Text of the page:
Watercolor & Ink 4×6
I have exciting news. I have been invited to do a demonstration of watercolor and ink painting techniques for the Southern Oregon Society of Artists of Medford, OR in August 2016. Naturally, I accepted! I feel honored and humbled! There are many fine, experienced artists in the area. To be invited is amazing!
I have long admired works in watercolor and ink. Over the past couple of years I have used this combination of media for my on sight paintings. Now, I get to “ramp it up”. Fun!
I thought I’d post two samples of my work. The top piece is from our recent camping trip in September. My husband and I had our campsite facing a rocky ridge with junipers. I drew and painted this piece in late afternoon.
The bottom piece is from my “Drawing Talent” series. It is of one of the local houses that happens to be a dental office.
Thank you for sharing my good news with me.
The post Exciting News! Demonstration – Watercolor and Ink appeared first on Margaret Stermer-Cox.
I’m always on the lookout for new subjects when walking the streets of our town, Talent. Sometimes I’m drawn to familiar subjects with subtle differences in light as with this letter box.
This is one of a number of old shoes nailed to posts along a rural road near Montague, California.
A field of weeds along The Bear Creek Greenway just north of Ashland, Oregon
My friend, Sheli, and I are working on making some octagon boxes. My first step was to take apart a Victoria Secrets box a friend gave me a number of years ago. I then made myself a template in Adobe Illustrator.
The opening in the top of my box is a little big, so I used a big bead as a handle to pull up the top of the octagon box. It’s still a work in progress.
My friend, Sheli, purchased some Roylco Painting Boxes from Dick Blick. They are flat circles of paper with scoring and perforations that are painted and then folded into dodecagon boxes (twelve sided boxes).
Roylco Painting Box shown painted and folded. They can be ordered from Dick Blick.
The painting should be done on the dull side of the paper, not the shiny side. It’s not easy to fold the box, and the instructions aren’t as clear as they could be.
Roylco Painting Box shown open.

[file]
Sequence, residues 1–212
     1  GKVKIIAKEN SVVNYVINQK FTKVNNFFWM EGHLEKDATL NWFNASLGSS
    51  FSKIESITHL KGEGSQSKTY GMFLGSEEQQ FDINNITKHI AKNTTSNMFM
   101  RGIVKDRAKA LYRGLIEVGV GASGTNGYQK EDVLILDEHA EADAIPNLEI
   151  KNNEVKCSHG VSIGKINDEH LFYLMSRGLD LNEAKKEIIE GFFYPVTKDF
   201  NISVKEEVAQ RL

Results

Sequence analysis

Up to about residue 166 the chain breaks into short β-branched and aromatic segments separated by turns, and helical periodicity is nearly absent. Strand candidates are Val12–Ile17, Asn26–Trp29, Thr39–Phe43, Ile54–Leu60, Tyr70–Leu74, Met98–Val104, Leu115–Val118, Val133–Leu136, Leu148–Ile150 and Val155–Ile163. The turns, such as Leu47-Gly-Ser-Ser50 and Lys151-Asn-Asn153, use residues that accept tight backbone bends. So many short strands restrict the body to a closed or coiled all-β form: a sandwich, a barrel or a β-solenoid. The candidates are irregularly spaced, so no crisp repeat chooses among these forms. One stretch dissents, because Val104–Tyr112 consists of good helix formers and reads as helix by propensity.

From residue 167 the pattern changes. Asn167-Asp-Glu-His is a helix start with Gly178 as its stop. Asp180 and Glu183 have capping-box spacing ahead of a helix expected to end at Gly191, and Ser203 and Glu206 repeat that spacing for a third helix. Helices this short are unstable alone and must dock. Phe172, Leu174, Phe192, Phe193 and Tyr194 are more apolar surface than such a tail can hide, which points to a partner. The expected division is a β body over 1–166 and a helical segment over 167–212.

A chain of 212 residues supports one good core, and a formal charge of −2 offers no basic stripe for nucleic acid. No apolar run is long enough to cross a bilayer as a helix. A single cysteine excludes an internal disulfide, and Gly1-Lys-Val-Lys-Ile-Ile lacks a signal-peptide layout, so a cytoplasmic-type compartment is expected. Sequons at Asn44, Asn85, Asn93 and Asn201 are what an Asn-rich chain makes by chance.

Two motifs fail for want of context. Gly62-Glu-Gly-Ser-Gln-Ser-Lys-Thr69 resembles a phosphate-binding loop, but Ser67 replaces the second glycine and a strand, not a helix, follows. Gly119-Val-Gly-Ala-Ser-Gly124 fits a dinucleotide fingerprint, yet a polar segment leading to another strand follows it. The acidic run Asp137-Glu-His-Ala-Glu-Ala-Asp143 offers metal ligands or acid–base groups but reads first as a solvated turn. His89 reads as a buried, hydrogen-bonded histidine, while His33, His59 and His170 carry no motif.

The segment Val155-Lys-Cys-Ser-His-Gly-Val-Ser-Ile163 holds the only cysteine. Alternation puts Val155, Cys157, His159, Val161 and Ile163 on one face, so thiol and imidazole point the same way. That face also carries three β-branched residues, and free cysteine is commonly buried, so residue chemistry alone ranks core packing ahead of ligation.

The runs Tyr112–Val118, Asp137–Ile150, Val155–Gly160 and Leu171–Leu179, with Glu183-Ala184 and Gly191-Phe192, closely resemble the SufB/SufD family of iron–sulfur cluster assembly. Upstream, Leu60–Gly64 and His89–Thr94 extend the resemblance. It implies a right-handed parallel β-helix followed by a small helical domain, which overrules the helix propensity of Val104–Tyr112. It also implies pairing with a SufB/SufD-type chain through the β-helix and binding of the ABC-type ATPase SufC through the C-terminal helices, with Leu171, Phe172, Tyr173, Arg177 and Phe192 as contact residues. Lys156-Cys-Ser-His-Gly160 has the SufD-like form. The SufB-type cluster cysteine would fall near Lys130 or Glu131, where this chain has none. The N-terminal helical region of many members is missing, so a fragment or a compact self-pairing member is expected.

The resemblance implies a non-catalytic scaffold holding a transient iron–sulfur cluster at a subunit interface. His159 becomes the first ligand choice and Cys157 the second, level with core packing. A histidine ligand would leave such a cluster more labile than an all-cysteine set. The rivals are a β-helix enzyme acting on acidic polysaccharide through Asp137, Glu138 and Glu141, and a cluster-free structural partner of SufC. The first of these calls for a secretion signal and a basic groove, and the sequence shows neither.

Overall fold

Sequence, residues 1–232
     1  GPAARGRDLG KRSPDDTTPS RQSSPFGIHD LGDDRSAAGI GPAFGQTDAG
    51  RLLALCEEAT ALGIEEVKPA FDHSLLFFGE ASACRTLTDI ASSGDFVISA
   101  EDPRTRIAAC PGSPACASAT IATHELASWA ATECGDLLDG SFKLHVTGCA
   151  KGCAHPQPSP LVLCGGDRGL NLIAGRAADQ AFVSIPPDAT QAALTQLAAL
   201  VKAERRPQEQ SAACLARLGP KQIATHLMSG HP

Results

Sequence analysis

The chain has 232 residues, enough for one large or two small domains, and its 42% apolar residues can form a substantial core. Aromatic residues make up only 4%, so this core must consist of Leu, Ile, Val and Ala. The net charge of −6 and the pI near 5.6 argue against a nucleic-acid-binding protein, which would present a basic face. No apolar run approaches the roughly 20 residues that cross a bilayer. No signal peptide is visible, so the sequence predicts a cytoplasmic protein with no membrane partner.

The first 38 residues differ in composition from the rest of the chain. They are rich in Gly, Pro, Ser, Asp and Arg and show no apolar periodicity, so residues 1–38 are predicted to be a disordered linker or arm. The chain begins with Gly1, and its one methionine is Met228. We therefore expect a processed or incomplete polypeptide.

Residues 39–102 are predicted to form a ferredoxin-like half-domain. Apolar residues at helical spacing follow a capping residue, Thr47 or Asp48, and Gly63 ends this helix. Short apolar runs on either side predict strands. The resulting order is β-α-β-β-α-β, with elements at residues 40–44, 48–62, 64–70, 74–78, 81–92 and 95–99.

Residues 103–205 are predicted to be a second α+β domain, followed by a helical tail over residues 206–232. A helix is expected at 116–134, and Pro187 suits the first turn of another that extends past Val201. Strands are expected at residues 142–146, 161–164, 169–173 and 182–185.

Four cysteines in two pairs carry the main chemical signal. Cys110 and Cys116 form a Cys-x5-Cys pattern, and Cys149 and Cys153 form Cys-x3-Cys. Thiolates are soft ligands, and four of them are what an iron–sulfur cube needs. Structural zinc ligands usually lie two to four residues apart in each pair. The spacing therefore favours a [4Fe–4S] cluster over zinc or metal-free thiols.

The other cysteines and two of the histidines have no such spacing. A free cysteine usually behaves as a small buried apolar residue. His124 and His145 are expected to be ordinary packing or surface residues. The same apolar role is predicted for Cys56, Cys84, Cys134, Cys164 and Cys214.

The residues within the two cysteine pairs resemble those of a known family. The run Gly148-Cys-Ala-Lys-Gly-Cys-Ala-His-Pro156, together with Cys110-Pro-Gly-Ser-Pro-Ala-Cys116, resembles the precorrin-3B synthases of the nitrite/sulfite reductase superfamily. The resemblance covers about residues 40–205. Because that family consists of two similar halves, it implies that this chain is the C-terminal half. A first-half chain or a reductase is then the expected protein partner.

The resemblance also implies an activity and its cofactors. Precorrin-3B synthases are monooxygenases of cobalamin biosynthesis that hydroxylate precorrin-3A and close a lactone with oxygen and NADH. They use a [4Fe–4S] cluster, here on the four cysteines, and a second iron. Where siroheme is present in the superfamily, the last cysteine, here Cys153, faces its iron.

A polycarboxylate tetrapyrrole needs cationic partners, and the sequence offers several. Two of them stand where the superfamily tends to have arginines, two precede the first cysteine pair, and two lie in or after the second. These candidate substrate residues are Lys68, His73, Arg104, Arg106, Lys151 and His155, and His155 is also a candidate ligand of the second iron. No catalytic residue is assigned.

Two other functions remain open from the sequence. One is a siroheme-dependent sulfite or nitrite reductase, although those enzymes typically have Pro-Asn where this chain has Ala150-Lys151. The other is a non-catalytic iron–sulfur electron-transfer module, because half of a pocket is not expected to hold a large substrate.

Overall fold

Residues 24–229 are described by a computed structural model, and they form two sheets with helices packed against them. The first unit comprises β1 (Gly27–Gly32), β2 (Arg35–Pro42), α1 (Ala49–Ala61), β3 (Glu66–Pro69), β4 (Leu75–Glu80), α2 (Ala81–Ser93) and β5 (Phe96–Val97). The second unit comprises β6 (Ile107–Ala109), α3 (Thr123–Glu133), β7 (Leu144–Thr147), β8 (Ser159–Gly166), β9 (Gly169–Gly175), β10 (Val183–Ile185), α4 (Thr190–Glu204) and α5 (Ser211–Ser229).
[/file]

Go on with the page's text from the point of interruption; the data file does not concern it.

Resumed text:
I decided that I would play with an octagon based box rather than a dodecagon box first as I assumed an octagon box would be simpler. Simpler, yes. Simple, not really. But fun, definitely.
Octagon Box from Victoria Secrets as seen from the top.
The Victoria Secrets box has a ribbon in the center which is used to pull up to open the box. There is a knot in the ribbon that makes it stay in place when the box is closed.
Victoria Secrets Box as seen from the side.
Sheli and I are working on making a template for the octagon box. We’re still modifying and playing with possibilities.
Octagon box before folding.
I must admit that I haven’t managed to get the folding down quite to my satisfaction yet. It’s not as easy as it looks. I’m hoping to share a template as well as techniques in a future blog post.
One variation of our octagon box almost folded.
It’s that time of year again – the second annual Ashland Open Studio Tour! It is a free, self-guided tour through 23 private working studios in Ashland, Talent and Phoenix on Saturday and Sunday, October 10th and 11th from 11AM – 5PM. Pick up a map at any Ashland gallery, or use your phone and find the map here.
If you ever wondered what our private working spaces look like, now is the time to come by and take a peek. I am stop I on the tour map – 188 Alida Street, Ashland (between East Main St and Siskiyou Blvd), so stop in and say “hello”. I will be starting two new cow paintings and the studio has been given a thorough cleaning so there will be less rabbit hair on the floor than usual!
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Drawing while on the road I find challenging and rewarding. I would like to share my thoughts on time, subjects and materials. My guiding principle is to make it easy to draw anytime, anywhere and anything.
Ink & Graphite
Pentalic 3×5 sketchbook
People waiting for the start of the Ben Harper & Innocent Criminals Concert, Les Schwab Amphitheter, Bend OR. 6 Sep 2015
My husband and I have been on the road traveling to see family, friends and the West. For those of you who know the West, distances are vast. We can spend the better part of the day driving to get from point “a” to point “b”. Then there are the necessary tasks such as having breakfast, lunch and dinner. With the onset of the fall season, daylight hours are getting shorter. With so much going on, I had to purposely find the time to draw and paint. I’d like to share what I do.